Much of muchness? I don't think so...variations on a theme is more like it. Erigeron compositus...the cutleaf daisy.

Erigeron compositus 'Como'
 
The plant in question is on the lefthand side--the lavender daisy: I have grown it for forty years.. and if you scroll quickly down this blog you will see a bevy of similar plants. It would be easy to confuse them one with the next--but each is in fact a distinct genotype, a distinct phenotype and for a connoisseur as distinct from one another as a concerto by Telemann from one by Bach, or a fine Cabernet from Ripple. There are those for whom a sixth century mosaic of the Transfiguration on the apse of Saint Catherine in the Sinai would seem similar to the same image on the Church of the Holy Apostles in Thessalonica created almost a millenium later...these phenomena are all utterly distinct to my eyes (although I grant you I can't distinguish a Ford from a Saab, or one sports team from another)...we all have our priorities! And mine happen to be Erigeron...

I collected 'Como' on a glacial moraine on South Park where it was the only lavender cutleaf daisy among thousands of pure white ones: Paul Maslin and I had camped overnight on that Moraine on or about 1974. Since Erigeron are largely apomictic (reproducing asexually) I have maintained this clone for decades--growing it in vast numbers at Denver Botanic Gardens, distributing it through seed exchanges, and just generally cherishing it. I still have it here or there--but it is after all just a cutleaf daisy: it is rather like the 'Classic' clone I discuss below--only pale lavender blue rather than white and utterly charming to a daisy fancier like me. It blooms non stop spring to fall--here growing in the Pikes Peak trough at DBG's former Wildflower Treasures garden.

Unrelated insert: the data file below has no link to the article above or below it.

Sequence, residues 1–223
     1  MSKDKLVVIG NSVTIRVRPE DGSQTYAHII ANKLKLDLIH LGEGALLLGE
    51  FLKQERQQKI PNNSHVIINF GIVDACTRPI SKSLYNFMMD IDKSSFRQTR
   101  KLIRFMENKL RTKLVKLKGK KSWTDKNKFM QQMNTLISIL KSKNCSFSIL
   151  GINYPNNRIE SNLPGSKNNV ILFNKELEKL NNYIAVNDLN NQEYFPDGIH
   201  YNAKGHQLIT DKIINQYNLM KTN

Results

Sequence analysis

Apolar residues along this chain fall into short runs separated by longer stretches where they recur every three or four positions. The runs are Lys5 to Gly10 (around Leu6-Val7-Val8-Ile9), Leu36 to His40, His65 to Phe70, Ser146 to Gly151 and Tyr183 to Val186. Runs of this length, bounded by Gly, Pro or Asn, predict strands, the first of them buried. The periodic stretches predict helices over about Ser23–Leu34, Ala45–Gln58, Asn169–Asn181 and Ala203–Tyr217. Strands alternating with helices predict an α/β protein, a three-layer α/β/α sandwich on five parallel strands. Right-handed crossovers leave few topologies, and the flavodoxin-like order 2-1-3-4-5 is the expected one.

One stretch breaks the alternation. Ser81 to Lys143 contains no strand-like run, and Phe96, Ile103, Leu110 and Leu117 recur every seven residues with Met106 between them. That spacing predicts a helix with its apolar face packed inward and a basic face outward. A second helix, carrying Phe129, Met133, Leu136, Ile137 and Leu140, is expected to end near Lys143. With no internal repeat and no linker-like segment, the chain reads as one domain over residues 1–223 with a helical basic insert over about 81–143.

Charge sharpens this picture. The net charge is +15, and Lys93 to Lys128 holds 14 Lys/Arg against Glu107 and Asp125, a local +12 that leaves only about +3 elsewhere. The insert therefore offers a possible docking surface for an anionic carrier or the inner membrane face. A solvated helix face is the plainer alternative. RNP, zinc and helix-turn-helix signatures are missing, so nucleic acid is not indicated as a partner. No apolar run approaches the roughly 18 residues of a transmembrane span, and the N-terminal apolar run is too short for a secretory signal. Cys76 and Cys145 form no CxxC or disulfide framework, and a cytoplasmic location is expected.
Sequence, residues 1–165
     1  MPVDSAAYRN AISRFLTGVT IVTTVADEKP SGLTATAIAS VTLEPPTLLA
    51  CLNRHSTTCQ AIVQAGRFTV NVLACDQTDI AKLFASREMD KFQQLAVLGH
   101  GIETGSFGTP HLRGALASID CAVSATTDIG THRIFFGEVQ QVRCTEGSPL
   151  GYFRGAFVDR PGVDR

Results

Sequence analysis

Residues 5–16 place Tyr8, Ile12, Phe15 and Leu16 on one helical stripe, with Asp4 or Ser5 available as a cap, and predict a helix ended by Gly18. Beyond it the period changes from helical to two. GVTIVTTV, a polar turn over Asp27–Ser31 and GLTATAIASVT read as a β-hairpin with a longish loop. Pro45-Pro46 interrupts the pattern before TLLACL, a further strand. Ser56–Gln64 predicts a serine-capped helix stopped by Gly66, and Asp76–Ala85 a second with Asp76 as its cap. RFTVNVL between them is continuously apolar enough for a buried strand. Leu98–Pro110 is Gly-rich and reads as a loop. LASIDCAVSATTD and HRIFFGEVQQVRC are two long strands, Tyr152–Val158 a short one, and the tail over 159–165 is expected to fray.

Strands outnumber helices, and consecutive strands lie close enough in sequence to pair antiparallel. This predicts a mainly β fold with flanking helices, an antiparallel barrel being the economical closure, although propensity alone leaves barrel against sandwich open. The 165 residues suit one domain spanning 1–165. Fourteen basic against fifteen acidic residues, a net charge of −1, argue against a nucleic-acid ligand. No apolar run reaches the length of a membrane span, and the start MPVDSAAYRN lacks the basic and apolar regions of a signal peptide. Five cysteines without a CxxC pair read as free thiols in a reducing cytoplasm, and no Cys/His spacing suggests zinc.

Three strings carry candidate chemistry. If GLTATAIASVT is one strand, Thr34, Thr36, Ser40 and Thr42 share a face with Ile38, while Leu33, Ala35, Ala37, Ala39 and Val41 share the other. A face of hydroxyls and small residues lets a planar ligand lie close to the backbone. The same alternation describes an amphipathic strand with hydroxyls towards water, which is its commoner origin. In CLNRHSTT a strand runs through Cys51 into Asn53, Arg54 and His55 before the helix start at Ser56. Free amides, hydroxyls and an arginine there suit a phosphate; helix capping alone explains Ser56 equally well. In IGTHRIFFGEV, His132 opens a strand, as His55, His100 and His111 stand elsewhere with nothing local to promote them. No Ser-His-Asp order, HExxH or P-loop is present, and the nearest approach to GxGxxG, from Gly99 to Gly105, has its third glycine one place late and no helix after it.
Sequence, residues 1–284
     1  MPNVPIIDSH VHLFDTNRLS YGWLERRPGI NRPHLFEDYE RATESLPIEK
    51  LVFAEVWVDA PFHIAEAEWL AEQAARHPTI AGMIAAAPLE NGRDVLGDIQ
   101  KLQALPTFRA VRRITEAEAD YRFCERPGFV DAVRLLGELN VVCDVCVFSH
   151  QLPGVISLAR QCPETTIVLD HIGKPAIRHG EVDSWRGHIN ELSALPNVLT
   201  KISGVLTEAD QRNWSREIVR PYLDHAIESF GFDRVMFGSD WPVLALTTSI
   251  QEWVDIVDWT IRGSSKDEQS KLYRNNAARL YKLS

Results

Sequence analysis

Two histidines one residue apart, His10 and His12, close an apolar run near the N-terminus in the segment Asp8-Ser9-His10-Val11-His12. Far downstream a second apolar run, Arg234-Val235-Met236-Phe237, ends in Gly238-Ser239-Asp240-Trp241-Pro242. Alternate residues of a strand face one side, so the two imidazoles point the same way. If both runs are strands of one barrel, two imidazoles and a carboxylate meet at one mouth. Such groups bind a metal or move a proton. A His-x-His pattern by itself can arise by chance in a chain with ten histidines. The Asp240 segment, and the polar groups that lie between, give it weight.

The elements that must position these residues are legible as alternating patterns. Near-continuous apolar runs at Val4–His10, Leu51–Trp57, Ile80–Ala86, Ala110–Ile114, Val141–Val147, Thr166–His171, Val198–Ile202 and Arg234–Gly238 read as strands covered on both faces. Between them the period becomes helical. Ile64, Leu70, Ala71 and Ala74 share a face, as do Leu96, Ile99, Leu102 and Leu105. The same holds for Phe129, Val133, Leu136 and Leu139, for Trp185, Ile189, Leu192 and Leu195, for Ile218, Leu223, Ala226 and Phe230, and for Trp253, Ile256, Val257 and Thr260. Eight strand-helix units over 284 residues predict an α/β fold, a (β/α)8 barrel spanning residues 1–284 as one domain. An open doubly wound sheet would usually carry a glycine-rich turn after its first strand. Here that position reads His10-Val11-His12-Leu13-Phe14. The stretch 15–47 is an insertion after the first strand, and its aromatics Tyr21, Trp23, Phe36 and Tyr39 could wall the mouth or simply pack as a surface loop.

Erigeron compositus (tiny deep pinky lavender form)
Here's yet ANOTHER variation on the theme--a tiny pinky lavender form that is widely grown by rock gardeners. I believe this one came from Idaho and traces to Betty Lowry. It is outstanding (here growing in a trough in my home garden).